Summer Research Dispatch: Juliana Friend on Sutura

21 Aug, 2019

Summer Research Dispatch: Juliana Friend on Sutura

Each year, the Berkeley Center for New Media is thrilled to offer summer research awards to support our graduates in their cutting edge work. Below, Juliana Friend describes how she used the funds for fieldwork on digital privacy in Senegal.

With support from a BCNM summer research grant, I was able to conduct follow-up fieldwork in Senegal to complete my dissertation research. This fieldwork traced shifting notions of digital privacy and publicity as they shape and are shaped by Wolof ethical regimes of sutura “discretion,” on the one hand, and by the aspirations and life chances of sexually marginalized groups on the other.

The Wolof ethical value of sutura – glossed as discretion or modesty – has long predicated both one’s honor and one’s legible gender identity on one’s ability to correctly manage the boundary between public and private. Queer subjects like gay men are seen as lacking sutura, accused of making sexuality public through their very embodied presence in public space. Conversely, those who violate sutura through acts construed as indecent exposure are seen as failing to fulfill either masculine or feminine expectations and are in this sense queer. My thesis traces modes of transgressive embodied communication across interfaces of actual and virtual life.

With new media forms and situated social practices of media use, come moments of unusually explicit discussion of the boundaries of the "private." My summer fieldwork affirmed that it is often those who occupy queer positions in sutura’s regime of gendered honor who test and stretch the contours of privacy in the digital age.

I conducted follow-up fieldwork with Senegalese who test the limits of sutura, including pornographic film actresses and gay men employed by NGOs to conduct HIV/AIDS prevention activism via dating websites and social media. To keep a pulse on construals of communicative-embodied transgression, I also attended meetings of religious groups called daayira that focused on topics of pornography, digital media, and discretion. Rather than a outright denunciation, these meetings enunciated subtle ethical engagements with definitions of privacy and questions of digitally mediated bodies.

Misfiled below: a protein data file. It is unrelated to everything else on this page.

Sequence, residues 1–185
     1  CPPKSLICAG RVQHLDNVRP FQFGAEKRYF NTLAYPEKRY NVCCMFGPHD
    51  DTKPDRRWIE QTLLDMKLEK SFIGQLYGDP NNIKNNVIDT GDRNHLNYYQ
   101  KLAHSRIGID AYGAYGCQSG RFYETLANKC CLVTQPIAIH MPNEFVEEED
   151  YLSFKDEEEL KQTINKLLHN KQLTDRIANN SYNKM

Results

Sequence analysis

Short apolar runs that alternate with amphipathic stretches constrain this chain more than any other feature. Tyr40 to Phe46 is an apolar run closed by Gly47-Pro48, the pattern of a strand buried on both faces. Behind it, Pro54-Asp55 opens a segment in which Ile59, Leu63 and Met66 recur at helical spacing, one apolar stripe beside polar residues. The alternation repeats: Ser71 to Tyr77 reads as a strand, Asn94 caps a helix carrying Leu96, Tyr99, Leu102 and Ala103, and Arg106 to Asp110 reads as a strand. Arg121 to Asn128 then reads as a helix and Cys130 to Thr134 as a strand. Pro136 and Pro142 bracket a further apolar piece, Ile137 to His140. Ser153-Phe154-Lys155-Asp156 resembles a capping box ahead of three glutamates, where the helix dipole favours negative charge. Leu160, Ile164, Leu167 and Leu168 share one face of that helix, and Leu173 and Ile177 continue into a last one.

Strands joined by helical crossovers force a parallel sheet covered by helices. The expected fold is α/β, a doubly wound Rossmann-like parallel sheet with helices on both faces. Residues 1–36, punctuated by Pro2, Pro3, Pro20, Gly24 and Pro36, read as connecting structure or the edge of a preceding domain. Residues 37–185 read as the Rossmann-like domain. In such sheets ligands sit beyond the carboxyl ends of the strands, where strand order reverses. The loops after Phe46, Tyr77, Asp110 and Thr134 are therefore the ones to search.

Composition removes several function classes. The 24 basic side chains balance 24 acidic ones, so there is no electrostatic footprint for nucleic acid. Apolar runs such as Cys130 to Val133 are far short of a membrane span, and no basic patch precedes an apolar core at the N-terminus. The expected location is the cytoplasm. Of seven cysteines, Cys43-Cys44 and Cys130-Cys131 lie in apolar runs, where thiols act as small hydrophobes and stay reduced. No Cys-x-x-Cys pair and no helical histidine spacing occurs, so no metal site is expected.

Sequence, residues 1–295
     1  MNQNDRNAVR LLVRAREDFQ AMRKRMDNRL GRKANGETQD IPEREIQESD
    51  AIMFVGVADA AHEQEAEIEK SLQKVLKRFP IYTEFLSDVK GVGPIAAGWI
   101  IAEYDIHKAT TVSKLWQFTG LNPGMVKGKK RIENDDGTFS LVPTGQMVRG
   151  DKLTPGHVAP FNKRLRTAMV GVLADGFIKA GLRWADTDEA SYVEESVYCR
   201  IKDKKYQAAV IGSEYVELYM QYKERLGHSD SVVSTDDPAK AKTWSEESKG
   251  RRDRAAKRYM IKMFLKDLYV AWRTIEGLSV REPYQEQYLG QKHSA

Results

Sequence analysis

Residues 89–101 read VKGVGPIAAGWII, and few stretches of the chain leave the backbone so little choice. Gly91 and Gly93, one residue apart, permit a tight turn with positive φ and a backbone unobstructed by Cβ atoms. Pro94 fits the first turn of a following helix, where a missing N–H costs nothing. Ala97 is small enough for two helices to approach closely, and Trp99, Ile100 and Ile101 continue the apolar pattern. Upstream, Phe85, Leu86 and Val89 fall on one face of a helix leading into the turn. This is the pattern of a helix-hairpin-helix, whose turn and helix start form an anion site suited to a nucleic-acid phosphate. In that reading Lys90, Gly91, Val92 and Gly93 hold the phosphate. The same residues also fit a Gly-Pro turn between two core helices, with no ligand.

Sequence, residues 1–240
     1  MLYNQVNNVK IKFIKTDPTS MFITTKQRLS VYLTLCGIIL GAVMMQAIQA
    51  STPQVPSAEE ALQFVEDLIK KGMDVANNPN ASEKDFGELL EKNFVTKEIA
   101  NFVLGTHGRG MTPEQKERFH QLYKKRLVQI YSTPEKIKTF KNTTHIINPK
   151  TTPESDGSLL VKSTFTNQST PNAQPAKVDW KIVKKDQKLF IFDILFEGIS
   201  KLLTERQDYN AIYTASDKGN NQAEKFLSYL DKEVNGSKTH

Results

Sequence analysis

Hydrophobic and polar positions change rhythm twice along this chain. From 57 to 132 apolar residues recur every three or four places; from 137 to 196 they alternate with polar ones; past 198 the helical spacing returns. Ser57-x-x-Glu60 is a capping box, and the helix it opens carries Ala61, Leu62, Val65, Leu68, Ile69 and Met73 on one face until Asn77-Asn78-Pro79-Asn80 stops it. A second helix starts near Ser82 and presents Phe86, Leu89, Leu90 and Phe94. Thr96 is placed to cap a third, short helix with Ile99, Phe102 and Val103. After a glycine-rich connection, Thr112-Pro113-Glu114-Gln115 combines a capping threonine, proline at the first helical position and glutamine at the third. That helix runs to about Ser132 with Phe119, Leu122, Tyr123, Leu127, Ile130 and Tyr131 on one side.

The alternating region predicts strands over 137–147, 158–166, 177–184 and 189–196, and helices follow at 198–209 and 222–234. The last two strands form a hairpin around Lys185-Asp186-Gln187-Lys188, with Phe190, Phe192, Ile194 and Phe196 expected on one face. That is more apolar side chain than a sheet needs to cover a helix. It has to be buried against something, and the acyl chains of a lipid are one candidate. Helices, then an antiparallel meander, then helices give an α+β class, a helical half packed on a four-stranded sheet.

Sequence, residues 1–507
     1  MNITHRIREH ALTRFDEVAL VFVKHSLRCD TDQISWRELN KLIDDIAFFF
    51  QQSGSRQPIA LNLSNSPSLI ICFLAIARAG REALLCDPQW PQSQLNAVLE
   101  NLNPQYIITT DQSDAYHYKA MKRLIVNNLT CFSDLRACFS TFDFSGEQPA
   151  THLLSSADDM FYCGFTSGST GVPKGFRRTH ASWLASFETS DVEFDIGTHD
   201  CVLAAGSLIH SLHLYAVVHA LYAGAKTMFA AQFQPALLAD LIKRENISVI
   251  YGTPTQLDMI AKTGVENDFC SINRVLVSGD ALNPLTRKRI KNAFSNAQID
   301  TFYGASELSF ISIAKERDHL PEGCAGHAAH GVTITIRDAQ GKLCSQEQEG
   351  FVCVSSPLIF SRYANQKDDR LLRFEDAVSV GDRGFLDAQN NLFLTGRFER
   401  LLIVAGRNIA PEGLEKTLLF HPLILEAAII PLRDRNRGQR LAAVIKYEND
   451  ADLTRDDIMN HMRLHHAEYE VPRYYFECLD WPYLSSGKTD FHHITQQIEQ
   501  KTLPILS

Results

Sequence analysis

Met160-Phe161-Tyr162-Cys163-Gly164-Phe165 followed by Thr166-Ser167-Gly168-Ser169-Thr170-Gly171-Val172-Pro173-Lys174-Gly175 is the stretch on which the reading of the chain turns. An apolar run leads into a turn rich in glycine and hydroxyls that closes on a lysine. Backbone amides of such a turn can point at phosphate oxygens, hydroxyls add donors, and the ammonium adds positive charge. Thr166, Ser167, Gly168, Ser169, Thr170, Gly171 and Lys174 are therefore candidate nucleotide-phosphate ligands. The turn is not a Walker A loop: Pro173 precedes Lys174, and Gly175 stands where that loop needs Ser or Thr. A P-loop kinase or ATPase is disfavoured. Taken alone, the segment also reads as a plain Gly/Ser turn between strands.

This fieldwork weaves its way among groups and institutions that the boundary-focused principles of sutura would separate into neat categories of honorable/dishonorable, legibly and illegibly gendered. My summer’s ethnographic journey traced material and technological ties between them. Notably, institutions of care within both NGO and religious spaces intervene to help these “key populations;” however, these modes of care were equally focused on containing unruly bodies and unruly practices of embodied signification.

I will draw upon these experiences to organize my dissertation around three key figures of sexual-communicative dissidence, each of whose status in public discourse resonates with both historical ethical frameworks of sutura and contemporary NGO infrastructures of healthcare. The construction of these three archetypes reflects modes of boundary-making amid anxieties about digital flux. I will explore the interanimation between these archetypes and the lived experience of Senegalese people whose life chances are shaped by but exceed these categories. Their experiences with (in)discretion tell broader stories about the relationship between sexuality, care, and digitally mediated interaction.